Backyard Foraging featuring Andover Trask from The Pioneer Issue

As a child, picking flowers in your great-grandmother’s backyard doesn’t feel like making memories. You don’t even think about the generations before you who have done the same, whether choosing blooms to dress a table or going out to gather berries and produce for a meal. At the time, it doesn’t feel like a sacred ritual that will connect you to loved ones for generations. It’s just picking flowers with Mema. 

I can remember at the height of spring when the azaleas were in full bloom, walking around my Mema’s backyard picking out the brightest pink flowers to place in the little, paper cup I was given. She would show me which ones looked good to pick, how to pick and wipe off any bugs before gingerly handing me our treasure to put in our paper cup.

She told me flowers needed carbon dioxide to grow and that when we sing, we breathe out carbon dioxide. So we’d sing to the flowers as we picked them. Songs like Somewhere Over the Rainbow, Amazing Grace or Our Love is Here to Stay. Eventually, I would get distracted and have to add some dance moves to the songs and picking. Once the morning dew would start to dry and the fresh morning started to take a humid turn, we’d go inside and ‘arrange’ the flowers in our cups.

Typically picking flowers meant family was coming over for the day or just dinner. As a child, you don’t think twice about the dining table not being large enough and adding random chairs to corners or sitting at card tables spilling into the hallways. You don’t think about needing to redesign your dining space, you just sit down, eat and enjoy family.

If our extended family was coming, our cousins, then dinner called for an extra special celebration. We’d find the closest birthday or holiday and make a big to-do, even if the real celebration date wasn’t for weeks. We’d wrap random items in the house as ‘gifts’ and of course, a skit, song and dance was somehow involved. And of course, the flowers I had gathered with Mema earlier that day would move from room to room, wherever the most people could see.

Years later, my Mema and her life-long sweetheart we called Pop are gone, but their love remains forever. Most of the family and cousins have moved far away from that childhood memory but our love for one another remains. Because everyone is so spread out, it’s weddings or well-coordinated summer vacations that bring us together. But the rituals - rituals I didn’t even know were being created - still remain.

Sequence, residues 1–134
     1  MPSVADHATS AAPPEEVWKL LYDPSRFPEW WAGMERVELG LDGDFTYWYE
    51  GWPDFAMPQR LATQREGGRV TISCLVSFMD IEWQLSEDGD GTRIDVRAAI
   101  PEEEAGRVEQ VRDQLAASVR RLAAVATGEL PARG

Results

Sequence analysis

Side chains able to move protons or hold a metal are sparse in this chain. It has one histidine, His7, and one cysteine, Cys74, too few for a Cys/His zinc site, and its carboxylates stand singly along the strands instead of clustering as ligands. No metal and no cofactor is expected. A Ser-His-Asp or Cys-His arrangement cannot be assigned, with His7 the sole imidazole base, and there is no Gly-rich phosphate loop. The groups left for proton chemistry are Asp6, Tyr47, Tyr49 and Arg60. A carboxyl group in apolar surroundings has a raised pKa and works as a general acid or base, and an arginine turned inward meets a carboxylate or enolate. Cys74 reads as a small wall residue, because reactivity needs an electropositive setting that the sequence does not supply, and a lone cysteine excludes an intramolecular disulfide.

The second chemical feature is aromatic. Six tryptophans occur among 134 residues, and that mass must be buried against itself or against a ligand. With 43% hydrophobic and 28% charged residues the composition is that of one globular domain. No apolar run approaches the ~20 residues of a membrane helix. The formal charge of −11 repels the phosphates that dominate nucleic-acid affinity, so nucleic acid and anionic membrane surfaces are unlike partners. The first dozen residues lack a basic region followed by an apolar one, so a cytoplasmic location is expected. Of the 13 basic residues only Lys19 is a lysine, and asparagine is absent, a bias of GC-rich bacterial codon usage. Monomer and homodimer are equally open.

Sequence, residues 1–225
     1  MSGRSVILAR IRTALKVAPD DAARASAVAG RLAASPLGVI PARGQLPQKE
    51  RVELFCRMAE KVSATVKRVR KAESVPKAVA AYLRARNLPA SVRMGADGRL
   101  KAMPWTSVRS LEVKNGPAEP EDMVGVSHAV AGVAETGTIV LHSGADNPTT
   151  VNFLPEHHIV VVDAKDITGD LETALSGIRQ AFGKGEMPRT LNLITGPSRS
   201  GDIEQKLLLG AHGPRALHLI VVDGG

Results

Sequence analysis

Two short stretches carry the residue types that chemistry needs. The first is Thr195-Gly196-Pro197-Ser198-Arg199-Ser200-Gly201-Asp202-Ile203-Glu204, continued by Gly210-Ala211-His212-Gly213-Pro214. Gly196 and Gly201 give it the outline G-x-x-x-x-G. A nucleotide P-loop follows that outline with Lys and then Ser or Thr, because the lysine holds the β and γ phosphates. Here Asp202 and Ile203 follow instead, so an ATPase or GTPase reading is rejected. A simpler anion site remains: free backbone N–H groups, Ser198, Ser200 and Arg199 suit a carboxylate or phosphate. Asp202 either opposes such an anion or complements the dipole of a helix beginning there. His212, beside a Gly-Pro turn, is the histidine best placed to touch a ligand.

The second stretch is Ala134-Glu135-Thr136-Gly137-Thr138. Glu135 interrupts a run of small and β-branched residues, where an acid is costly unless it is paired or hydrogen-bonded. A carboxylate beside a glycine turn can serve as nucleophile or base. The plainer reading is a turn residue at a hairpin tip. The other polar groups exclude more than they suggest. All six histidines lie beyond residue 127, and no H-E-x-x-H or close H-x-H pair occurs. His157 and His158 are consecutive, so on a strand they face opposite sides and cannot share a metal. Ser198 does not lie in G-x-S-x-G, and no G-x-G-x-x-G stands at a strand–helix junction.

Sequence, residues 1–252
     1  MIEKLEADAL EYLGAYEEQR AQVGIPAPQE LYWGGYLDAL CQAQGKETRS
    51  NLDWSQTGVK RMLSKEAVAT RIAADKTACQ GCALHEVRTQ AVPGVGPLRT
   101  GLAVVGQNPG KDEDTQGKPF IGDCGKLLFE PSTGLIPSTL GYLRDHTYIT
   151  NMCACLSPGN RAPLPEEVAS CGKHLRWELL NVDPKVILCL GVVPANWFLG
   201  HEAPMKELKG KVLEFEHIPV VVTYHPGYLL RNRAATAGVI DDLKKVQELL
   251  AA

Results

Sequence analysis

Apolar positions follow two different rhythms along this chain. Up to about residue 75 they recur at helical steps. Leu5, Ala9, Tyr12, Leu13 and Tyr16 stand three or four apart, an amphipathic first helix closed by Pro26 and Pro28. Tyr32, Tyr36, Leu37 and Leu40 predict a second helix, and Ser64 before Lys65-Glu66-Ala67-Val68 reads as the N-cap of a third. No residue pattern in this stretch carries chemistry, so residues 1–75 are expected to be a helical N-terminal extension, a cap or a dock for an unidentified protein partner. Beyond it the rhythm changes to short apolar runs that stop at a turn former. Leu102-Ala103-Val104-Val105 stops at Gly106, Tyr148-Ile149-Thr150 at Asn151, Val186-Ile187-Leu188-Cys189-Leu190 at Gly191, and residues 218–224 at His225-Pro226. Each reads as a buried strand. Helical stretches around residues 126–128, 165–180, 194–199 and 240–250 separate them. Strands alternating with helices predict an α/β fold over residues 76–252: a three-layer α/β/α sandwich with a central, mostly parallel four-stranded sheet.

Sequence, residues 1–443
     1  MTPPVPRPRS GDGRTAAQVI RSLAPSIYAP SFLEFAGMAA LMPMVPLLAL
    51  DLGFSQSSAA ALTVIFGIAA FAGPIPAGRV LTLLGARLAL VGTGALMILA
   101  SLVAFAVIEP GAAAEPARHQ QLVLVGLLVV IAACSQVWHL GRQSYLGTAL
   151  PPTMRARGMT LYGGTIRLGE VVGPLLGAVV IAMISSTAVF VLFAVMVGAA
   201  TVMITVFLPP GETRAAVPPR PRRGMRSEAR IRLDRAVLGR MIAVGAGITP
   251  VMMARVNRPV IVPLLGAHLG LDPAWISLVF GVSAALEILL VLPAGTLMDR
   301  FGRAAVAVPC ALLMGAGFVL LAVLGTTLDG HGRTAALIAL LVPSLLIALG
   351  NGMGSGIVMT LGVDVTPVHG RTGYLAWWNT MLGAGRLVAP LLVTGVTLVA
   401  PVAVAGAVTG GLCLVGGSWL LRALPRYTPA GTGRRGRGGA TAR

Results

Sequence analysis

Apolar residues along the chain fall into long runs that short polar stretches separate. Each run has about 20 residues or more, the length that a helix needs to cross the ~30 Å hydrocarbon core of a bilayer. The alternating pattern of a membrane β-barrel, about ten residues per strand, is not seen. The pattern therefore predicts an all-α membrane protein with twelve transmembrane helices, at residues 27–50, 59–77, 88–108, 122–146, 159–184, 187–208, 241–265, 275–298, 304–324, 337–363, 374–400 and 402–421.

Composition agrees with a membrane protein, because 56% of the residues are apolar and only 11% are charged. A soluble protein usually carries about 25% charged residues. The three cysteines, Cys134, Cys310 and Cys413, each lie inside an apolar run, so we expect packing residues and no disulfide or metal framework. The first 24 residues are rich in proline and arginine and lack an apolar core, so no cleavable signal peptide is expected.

Mornings before friends or family stop by our house are spent picking flowers or greenery in the backyard. Now, it’s called foraging, but to me, it’s still just picking. I remember what to look for, where to pick and to brush off the bugs before putting the branches in my bag instead of a paper cup. There is no one to sing with now, but I still hum to the plants, to myself and think about all of those great hymns or songs from musicals we used to sing.

A few workshops have taught me how to arrange my findings better than what the paper cups would allow. I’ve traded the cup for vintage vases. But for the leftovers, I’ll grab a silly cup from a restaurant my husband collects and put the arrangement someplace he can see.

Evenings entertaining aren’t as frequent as they were then. Even if it’s just my husband and I eating takeout on the couch, the idea of celebration is still around. We’ll celebrate our day’s work or upcoming adventure. I married the right guy because the singing and dancing is still around too, even if it’s just our way of getting through washing dishes in the kitchen.

While it’s not the same as when I was a little girl, there is something a little sacred, a little special about these rituals that connects me to my family - even those who have passed or simply moved away. Now, with my husband and I expecting our first child, I can’t help but think what simple acts will eventually become traditions for her. I never want to underestimate the magic found in moments that look like an ordinary day.

Author, Katie O. Selvidge :: Photography by Sawyer Baird :: Design by Candice Beaty of Chancey Charm Weddings :: Floral Design by Forage and Fleur :: Hair & Makeup by Claudia Verduzzo :: Ribbon by Adorn Company :: Venue, The Farm at High Shoals :: Calligraphy & Paper Goods by Brush and Petal :: Featuring Andover Trask

Katie O. SelvidgeComment